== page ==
TJ11.2 Geostationary Lightning Mapper Performance

Tuesday, 8 January 2019: 1:45 PM
North 231AB (Phoenix Convention Center - West and North Buildings)
Scott D. Rudlosky, NOAA/NESDIS/STAR, College Park, MD; and W. J. Koshak and P. Meyers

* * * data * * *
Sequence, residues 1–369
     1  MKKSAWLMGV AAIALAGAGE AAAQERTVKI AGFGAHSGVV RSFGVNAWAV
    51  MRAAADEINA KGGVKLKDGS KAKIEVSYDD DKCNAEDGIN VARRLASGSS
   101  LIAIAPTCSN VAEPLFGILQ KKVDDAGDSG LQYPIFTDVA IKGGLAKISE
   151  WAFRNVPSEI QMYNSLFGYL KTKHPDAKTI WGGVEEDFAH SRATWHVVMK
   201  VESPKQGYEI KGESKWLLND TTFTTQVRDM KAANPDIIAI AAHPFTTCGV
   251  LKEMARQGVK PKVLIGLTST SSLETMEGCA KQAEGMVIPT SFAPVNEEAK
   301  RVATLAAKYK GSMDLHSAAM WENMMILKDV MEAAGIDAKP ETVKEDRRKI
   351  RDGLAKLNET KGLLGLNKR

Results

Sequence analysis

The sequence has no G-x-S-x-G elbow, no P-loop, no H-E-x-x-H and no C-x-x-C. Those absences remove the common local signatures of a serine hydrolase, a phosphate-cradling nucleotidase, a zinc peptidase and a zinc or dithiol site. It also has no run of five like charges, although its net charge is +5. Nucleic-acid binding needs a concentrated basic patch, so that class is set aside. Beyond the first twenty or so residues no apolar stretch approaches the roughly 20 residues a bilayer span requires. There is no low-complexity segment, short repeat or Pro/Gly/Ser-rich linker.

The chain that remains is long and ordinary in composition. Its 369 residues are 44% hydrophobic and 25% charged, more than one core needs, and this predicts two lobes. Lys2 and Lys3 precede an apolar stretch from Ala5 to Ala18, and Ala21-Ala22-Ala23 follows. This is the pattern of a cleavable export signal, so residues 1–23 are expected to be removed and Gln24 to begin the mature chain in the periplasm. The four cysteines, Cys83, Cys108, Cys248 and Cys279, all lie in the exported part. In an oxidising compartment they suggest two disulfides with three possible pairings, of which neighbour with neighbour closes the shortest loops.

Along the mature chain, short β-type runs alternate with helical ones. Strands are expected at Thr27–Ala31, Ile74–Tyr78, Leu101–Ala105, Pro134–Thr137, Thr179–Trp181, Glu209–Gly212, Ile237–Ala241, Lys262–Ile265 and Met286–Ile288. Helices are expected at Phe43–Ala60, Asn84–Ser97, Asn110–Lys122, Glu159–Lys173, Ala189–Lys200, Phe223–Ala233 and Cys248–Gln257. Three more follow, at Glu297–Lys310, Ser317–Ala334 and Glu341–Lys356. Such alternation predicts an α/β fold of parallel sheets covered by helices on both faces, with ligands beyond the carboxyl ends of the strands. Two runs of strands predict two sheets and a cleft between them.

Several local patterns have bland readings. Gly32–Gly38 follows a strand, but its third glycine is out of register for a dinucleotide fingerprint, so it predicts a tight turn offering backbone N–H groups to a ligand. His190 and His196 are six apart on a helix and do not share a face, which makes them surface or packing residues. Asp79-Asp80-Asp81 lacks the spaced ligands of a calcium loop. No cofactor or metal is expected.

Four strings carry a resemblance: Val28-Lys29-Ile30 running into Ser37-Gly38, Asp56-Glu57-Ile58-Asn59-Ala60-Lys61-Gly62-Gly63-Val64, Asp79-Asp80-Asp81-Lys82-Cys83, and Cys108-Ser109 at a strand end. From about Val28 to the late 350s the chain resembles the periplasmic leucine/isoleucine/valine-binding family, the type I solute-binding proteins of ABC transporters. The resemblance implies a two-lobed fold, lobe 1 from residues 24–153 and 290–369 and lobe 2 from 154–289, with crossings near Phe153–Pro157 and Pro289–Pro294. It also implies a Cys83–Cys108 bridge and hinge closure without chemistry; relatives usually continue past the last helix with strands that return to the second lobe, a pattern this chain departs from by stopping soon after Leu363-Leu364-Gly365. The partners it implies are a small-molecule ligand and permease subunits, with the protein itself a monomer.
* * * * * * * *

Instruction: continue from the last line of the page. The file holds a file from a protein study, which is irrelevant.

The Geostationary Lightning Mapper (GLM) is a new instrument undergoing extensive calibration and validation. The GLM performance requirements include full disk coverage, greater than 70% detection efficiency, flash false alarm rate less than 5%, and location accuracy within a half a pixel. The GLM appears to meet these performance requirements despite the examples illustrated herein. The instrument relies on the spacecraft position and pointing information along with a coastline identification and navigation procedure to convert the focal plane x, y to latitude and longitude coordinates. Comparisons with ground-based networks allow quantification of the collocation of these datasets. The GLM seeks to maximize detection efficiency while minimizing the false alarm rate (FAR). The FAR is defined as the rate of false flash detections divided by the average true flash rate. Each subarray is independently tuned to optimize the dynamic range and sensitivity, which vary based on the background scene. 56 Real Time Event Processors (RTEPs) are used to tune the GLM. The most common sources of false events are described along with efforts to mitigate these effects. Solar intrusion during the eclipse seasons provides an example of false events that can only be mitigated in the longer term. During certain days and times direct solar illumination nearly reaches the GLM focal plane, resulting in false detection artifacts that quickly bloom into massive numbers of false events. A blooming filter that quenches the rapid growth of artifacts associated with both sun glint and eclipse effects has been developed and is awaiting implementation.
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